Now imagine if Bon Appetit, instead of The Little Owl, ran with a cover photo of some Kamakaze Kool-Aid Roll from Monster Sushi or wherever. Well, that’s essentially what’s going on here with Groupon, a national brand is giving national attention to a local joint that doesn’t deserve it, and as a result, a lot of people’s money is being misallocated. It’s anti-economic. Groupon is the invisible hand of capitalism sucker punching good restaurants that deserve to succeed and helping out mediocre venues that deserve to fail.
As Groupon nears its IPO, its customer acquisition costs are rising, both its margins and number of actual Groupons sold per deal are falling, and Google, Facebook and Microsoft are looking to get into the space.
So too newspapers as they hope to leverage the deep relationships within the local communities they serve. For example, today Boston.com (the Web site for the Boston Globe) announced a very Groupony daily deals site called (drumroll) Boston Deals.
Business Insider suggests all this is the way it should be and is bullish on the company’s IPO. It is, after all, history’s fastest growing company.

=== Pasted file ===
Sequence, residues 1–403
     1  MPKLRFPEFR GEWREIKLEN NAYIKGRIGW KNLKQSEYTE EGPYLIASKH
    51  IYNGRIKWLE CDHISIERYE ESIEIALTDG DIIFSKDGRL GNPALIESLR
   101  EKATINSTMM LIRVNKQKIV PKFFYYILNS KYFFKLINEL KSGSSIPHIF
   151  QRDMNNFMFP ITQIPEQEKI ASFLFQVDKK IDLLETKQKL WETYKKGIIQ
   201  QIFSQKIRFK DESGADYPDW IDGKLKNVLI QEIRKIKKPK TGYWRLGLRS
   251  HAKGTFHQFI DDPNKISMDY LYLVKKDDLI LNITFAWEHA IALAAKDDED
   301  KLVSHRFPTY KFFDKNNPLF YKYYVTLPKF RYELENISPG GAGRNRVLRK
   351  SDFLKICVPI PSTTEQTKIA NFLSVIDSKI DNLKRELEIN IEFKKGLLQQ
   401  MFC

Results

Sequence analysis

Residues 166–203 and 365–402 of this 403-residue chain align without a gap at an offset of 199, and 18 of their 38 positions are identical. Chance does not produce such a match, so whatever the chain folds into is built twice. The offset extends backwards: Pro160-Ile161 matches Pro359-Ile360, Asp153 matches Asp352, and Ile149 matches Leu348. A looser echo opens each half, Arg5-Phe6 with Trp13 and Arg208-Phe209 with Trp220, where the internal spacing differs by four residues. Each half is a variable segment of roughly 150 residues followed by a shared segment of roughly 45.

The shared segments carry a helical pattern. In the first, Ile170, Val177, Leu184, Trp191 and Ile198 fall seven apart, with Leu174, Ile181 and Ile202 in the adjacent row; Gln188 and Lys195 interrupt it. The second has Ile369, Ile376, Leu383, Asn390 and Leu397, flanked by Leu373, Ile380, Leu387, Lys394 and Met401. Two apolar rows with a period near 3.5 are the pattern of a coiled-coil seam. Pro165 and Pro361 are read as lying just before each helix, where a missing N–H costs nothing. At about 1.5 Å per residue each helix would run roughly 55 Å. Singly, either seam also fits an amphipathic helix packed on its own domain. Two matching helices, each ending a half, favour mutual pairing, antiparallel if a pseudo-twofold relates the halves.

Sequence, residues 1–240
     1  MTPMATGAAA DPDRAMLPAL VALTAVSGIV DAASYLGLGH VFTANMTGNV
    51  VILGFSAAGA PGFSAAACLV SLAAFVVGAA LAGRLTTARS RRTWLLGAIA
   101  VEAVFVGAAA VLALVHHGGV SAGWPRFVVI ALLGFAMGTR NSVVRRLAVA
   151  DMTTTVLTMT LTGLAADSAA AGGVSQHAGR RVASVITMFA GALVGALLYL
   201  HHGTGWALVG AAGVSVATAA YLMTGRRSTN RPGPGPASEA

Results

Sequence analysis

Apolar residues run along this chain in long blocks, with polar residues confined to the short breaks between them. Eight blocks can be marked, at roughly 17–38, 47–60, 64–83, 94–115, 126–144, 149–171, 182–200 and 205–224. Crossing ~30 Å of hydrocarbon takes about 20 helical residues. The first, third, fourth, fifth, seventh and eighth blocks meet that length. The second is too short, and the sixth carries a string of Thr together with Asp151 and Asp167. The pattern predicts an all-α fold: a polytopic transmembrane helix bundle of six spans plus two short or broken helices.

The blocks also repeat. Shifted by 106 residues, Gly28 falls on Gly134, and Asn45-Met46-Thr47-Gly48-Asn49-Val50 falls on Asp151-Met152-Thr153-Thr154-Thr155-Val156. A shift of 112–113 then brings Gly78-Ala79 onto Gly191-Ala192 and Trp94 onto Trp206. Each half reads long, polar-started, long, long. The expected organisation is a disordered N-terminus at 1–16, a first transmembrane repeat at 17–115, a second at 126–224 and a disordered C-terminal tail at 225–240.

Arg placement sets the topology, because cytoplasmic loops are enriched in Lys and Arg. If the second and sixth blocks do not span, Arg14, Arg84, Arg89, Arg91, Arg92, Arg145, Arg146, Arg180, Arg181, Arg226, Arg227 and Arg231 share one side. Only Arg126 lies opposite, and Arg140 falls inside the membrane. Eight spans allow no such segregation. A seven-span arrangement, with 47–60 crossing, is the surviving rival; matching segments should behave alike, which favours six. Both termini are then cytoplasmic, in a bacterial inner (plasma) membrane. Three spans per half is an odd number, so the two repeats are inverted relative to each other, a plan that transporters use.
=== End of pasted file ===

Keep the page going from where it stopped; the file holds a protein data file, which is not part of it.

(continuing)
Me? Sounds like a very short stick will be in someone’s hands when all this plays out.
The singularity draws nearer as two of the Web’s hottest trends—location-based services and hyperlocal content, merge, with a new tieup between Foursquare and Examiner.com.
In essence, Examiner’s 68,000 contributors, known as “Examiners,” will provide reviews and recommendations on nearby venues, restaurants, events, businesses and landmarks that will surface within the Foursquare mobile app when users following Examiner.com check in. Local tips will also be added when non-followers check-in nearby.
While content farms like Examiner.com flood the Internet with keyword optimized stories of variable quality, Foursquare has been pegged as an acquisition target for group deals sites like Groupon, which could then offer users targeted deals based on their location.
With a staff of more than 100 full time writers, daily deals site Groupon is significantly larger than many daily newspapers.
The ability to write engaging and witty prose is obviously something that comes in handy in traditional journalism as well as Groupon-style copywriting. But does that mean we should celebrate the fact that aspiring journalists are taking jobs at Groupon instead of doing journalism?
Well, who is hiring?